Seven venues across four cities in New Zealand will share 48 games in 2018 edition scheduled to start on January 13
A total of seven venues across Christchurch, Queenstown, Tauranga and Whangarei will host matches in the ICC Under-19 Cricket World Cup 2018 in New Zealand, scheduled from January 13 to February 3.
The 48-match event will be the third ICC Under-19 Cricket World Cup in New Zealand, which previously hosted the 2002 and 2010 editions. Christchurch is the only city that will have multiple venues, with matches slotted at the Hagley Oval, Rangiora Oval, Bert Sutcliffe Oval and Lincoln No. 3.
The matches in Queenstown will be played at the John Davies Oval (also known as the Queenstown Events Centre), while the fixtures in Tauranga and Whangarei will be played at the Bay Oval and the Cobham Oval respectively.
The Hagley Oval, first used for international games in 2014, is the only Test centre, while other venues except for Rangiora Oval and Lincoln No. 3 have hosted One-Day Internationals.
David White, New Zealand Cricket’s chief executive officer, said the U-19 World Cup was another opportunity for the country to make a mark on the world stage.
“The ICC Cricket World Cup 2015 (which New Zealand co-hosted with Australia) showed that we really can deliver high calibre events, and we are confident of doing the same again next year,” White said on Monday (May 29).
Brendan Bourke, the tournament director of the Local Organising Committee (LOC), felt that the four cities selected was a healthy geographical representation of the country.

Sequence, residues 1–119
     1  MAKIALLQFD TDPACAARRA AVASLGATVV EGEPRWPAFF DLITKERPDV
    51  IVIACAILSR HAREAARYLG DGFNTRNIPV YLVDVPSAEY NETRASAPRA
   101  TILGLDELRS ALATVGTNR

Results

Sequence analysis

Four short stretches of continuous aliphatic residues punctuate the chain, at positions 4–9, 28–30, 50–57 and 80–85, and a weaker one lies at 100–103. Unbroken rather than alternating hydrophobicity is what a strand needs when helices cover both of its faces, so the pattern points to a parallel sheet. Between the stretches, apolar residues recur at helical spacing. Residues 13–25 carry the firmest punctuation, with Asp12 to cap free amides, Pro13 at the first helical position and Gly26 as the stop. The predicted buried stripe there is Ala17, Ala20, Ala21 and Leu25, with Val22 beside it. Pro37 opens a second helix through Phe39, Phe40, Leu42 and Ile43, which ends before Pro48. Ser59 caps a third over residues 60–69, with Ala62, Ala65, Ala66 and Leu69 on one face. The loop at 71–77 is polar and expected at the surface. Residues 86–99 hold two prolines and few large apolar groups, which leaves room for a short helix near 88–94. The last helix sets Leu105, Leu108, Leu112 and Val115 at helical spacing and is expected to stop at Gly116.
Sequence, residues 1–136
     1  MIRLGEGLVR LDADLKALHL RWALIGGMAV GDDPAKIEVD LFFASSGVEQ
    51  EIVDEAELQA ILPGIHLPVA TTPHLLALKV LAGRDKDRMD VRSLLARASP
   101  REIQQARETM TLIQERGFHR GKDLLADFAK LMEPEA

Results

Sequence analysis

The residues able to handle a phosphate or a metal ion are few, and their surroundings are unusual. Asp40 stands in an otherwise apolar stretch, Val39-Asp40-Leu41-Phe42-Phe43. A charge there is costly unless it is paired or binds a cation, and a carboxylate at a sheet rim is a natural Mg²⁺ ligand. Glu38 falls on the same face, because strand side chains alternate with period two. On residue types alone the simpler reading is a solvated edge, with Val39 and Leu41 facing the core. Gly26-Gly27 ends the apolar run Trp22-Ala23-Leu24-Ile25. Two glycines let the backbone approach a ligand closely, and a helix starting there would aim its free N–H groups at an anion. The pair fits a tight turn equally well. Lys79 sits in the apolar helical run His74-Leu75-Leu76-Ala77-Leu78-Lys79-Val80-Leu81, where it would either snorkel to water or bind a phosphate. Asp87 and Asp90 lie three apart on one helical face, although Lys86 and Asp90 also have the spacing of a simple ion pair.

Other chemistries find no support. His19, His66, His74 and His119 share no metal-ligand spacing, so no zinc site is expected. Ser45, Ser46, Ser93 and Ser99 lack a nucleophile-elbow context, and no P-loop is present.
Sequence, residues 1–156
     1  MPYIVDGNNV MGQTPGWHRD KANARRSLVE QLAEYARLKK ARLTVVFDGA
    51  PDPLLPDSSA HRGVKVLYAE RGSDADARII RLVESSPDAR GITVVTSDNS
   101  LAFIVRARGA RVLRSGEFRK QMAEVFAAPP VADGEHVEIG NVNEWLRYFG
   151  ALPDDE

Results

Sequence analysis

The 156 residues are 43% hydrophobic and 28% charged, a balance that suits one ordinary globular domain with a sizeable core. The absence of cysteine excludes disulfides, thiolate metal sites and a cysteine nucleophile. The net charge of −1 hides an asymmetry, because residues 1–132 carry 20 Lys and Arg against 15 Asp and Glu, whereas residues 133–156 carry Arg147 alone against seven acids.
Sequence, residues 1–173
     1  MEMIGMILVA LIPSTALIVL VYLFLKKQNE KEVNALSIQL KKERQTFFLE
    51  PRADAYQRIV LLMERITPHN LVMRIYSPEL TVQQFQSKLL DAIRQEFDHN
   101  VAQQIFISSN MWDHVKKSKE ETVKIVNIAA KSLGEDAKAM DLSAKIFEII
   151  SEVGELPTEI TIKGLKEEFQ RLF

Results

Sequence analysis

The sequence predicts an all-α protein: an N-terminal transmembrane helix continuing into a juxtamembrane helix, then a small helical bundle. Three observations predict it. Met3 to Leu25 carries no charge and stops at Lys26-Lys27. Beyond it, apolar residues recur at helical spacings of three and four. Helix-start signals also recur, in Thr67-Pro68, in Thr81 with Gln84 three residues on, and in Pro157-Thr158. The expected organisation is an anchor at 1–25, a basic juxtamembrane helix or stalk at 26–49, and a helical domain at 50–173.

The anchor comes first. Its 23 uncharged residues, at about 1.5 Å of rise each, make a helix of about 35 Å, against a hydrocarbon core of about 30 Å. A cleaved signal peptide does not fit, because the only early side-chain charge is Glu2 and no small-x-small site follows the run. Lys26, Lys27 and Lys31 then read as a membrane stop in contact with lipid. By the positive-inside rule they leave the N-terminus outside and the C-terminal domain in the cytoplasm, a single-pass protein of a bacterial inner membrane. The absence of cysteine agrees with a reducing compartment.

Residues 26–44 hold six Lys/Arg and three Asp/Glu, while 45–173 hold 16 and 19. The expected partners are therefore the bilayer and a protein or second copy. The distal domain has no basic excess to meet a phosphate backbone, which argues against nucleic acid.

“This is an event which will be viewed from the far north to the deep south, and for Whangarei and Queenstown, it’s extra special – given the dearth of international cricket in those regions,” Bourke said. “All seven venues are uniquely boutique in their own right, with plenty of grass on the embankment to soak up the ability and enthusiasm of the future stars of world cricket. “
The last time New Zealand hosted the U-19 World Cup in 2010, it featured future Test cricketers like Ben Stokes, Josh Hazlewood, Jason Holder, Shane Dowrich, Kraigg Brathwaite, Babar Azam, KL Rahul, Jaydev Unadkat, Doug Bracewell, Sabbir Rahman and Mitchell Marsh, among others.
In the final at the Bert Sutcliffe Oval, Hazlewood’s 4 for 30 and Luke Doran’s 3 for 32 helped Australia successfully defend 207 against Pakistan.
Dave Richardson, the International Cricket Council’s chief executive officer, highlighted the importance of the Youth World Cup as a pathway to international cricket.
“These are the future stars of cricket, the next generation coming through on to the international stage,” Richardson said. “This tournament is a stepping stone in the development of not just players, but match officials too.”
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